1. Motor Lorry No. A.P.P. 4695, belonging to the respondent Yedla Perraya was seized by the Forest Range Officer, Gokavaram, early in the morning of December 25, 1963, when it was being used without a licence for carrying eight Yegisi logs on Rajamundry-Gokavaram Road. The driver of the motor lorry and another person were tried before the 2nd Additional, 2nd Class Magistrate, Rajamundry on a complaint by the Forest Range Officer for offences under Sections 35 and 36 of the Andhra Pradesh Forest Act and the rules framed thereunder. The two accused admitted that they had committed the offences of illicit transportation of timber, and on their plea of guilty they were convicted. The respondent applied to the Trial Magistrate for an order releasing the motor lorry on the plea that the offence of transportation of timber was committed without his knowledge and that the value of the timber seized was not more than Rs. 50/- at the relevant time. The learned Magistrate observed :
'After careful perusal of the disposition of R.W. 1, I find that there is nothing in it to indicate that the petitioner knowingly lent his lorry for the illicit transport of timber on the night of 24th December, 1963. There is also nothing in the case records to show that the petitioner allowed the lorry to illicitly transport the timber on the above date. I accordingly hold that the petitioner cannot be said to have knowingly allowed his lorry to illicitly transport the timber.'
2. But the learned Magistrate was of the view that by Section 43 of the Andhra Pradesh Forest Act, where it was proved that the value of the timber transported exceeded Rs. 50/-, he was enjoined to direct confiscation of the vehicle in which the forest produce was being transported without a licence. In this view the value of eight logs of timber seized from the lorry was Rs. 311/- at the market rate in Rajamundry.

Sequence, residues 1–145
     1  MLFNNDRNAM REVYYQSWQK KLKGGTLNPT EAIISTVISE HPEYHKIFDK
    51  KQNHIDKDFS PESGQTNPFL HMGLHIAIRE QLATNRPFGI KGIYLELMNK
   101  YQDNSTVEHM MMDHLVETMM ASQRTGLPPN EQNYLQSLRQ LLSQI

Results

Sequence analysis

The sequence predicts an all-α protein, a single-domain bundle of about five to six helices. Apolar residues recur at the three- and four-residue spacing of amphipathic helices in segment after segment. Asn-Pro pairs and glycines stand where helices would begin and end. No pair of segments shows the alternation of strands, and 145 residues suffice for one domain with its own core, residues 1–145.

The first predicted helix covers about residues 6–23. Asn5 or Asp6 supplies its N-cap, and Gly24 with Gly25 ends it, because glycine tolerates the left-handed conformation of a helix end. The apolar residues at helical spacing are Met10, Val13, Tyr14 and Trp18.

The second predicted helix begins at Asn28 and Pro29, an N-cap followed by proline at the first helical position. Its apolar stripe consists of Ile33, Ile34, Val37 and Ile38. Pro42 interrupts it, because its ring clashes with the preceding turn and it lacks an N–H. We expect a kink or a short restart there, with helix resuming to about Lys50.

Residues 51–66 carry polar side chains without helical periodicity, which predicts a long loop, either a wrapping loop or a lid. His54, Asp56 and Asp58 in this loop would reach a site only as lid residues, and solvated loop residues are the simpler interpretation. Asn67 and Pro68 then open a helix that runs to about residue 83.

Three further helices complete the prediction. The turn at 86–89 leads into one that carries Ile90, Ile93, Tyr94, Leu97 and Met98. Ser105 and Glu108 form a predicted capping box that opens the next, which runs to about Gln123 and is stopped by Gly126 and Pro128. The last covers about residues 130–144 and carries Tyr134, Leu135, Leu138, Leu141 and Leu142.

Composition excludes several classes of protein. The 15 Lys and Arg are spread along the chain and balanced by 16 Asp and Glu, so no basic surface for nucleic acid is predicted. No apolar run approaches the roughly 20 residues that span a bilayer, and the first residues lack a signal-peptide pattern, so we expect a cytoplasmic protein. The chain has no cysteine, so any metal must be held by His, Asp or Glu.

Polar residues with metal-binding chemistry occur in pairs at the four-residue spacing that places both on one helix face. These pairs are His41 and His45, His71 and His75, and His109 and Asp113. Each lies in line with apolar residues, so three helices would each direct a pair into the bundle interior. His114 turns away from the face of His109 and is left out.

3. In appeal by the respondent to the Court of Session at Rajamundry the order of confiscation was set aside and the High Court of Andhra Pradesh confirmed the order of the Court of Session. The State of Andhra Pradesh has appealed to this Court with certificate granted under Article 134(1)(c) of the Constitution.
4. The Andhra Pradesh (Andhra Area) Forest Act 5 of 1882, provides by Section 41 that when there is reason to believe that a forest offence has been committed in respect of any timber or forest produce, such timber or produce, together with all tools, ropes, chains, boats, vehicles and cattle used in committing any such offence may be seized by any Forest-officer or Police-officer. Section 43 as amended by Act 11 of 1963, provides :
'Where a person is convicted of any forest offence, the Court sentencing him shall order confiscation to the Government of the timber or the forest produce in respect of which such offence was committed, and also any tool, boat, cattle and vehicle and any other article used in committing such offences :
Provided that it shall be open to such Court not to order confiscation of any tool, boat, cattle, vehicle or any other article used in committing such offence when the value of the timber or the forest produce in respect of which such offence was committed does not exceed fifty rupees.'
5. It may be observed that before the Forest Act was amended by Act 11 of 1963, the Magistrate was not obliged to direct confiscation of the articles, vehicles, cattle, tools or boats used for committing a forest offence.